Snapchat updated its photo sharing app for Android and iOS to better protect the privacy of users, a week after hackers exposed a vulnerability.
Contact information belonging to 4.6 million Snapchat users was published by hackers last week, despite the app maker’s claim to have fixed the vulnerability in question.
The anonymous group posted phone numbers and user names on a website called SnapchatDB, which was quickly closed down. It redacted the last two digits of phone numbers, stating the material was published to “raise awareness” around the issue.
The hackers said the information was acquired through “a recently patched Snapchat exploit”, which was dealt with too late.
The change to the Find Friends functionality allows users to opt-out of linking their phone number with their user name. The update requires Snapchat users to verify their phone number before using the Find Friends services.
In the blog post announcing the change, the company apologised for any problems the issue may have caused and said it will continue to make improvements “to prevent future attempts to abuse our API”.
The vulnerability was made public by Australian security research group called Gibson Security on 25 December. It claimed to have informed Snapchat of the issue several months ago but that the app maker did not respond.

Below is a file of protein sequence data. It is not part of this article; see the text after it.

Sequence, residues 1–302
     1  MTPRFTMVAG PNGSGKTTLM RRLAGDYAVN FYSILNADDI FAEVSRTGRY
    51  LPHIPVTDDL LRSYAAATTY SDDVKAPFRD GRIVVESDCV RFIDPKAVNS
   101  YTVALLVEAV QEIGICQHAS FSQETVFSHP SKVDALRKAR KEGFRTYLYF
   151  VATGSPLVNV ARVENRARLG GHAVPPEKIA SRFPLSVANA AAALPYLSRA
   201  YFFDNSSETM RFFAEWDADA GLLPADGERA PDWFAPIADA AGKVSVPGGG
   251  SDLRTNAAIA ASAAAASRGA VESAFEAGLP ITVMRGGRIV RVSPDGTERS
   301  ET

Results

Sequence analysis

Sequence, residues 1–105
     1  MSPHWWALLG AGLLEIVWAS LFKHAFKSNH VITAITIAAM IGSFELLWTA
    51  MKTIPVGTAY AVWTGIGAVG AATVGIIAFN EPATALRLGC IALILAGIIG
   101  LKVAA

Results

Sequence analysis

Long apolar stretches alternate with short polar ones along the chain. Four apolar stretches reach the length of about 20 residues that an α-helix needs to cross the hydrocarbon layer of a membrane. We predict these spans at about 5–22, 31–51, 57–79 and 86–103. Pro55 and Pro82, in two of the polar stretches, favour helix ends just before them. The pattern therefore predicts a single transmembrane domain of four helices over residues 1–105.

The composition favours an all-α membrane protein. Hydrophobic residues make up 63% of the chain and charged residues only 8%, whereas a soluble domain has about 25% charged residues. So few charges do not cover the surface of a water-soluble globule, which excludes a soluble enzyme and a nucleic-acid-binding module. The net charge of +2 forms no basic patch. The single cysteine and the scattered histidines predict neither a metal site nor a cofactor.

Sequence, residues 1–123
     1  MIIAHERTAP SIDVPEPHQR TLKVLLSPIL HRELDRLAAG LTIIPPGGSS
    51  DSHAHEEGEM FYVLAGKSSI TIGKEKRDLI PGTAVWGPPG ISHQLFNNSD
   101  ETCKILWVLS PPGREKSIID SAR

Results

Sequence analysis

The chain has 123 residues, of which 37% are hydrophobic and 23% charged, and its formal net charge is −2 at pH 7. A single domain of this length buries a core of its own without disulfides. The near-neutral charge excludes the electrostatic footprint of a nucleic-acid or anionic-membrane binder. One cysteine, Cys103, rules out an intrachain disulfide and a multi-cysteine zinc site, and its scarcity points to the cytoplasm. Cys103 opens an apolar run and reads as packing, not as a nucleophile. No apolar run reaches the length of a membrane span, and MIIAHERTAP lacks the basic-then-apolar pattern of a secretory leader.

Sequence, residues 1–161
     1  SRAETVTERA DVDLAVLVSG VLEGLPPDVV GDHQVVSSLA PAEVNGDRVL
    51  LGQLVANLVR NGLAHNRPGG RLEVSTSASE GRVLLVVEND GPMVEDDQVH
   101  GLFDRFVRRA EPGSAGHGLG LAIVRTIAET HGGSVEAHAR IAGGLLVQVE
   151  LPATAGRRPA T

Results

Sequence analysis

Snapchat responded to Gibson’s findings by saying it has taken steps over the past year to make it more difficult for people to create a database of phone numbers which could theoretically be matched to user names.
Gibson said on Twitter it had no involvement with the release of the user information on SnapchatDB.
Snapchat, which deletes images seconds after they have been viewed and is particularly popular with young users, is currently subject to speculation about a possible acquisition. Concerns about privacy would therefore have been unwelcome.
Although it doesn’t yet generate revenue, the company reportedly rejected a $3 billion bid from Facebook in November. Evan Spiegel, Snapchat’s co-founder and CEO, is believed to be waiting for user numbers and messages sent via the service to increase further, in order to push for a higher valuation.
In June, Snapchat raised $60 million in a transaction which valued the company at $800 million. By September, the company said usage had almost doubled to 350 million messages per day.
Facebook is believed to be interested in Snapchat due to its messaging capability and young user base. The social network’s business is increasingly generating revenue from mobile advertising but it recently stated that fewer teenagers are using its service.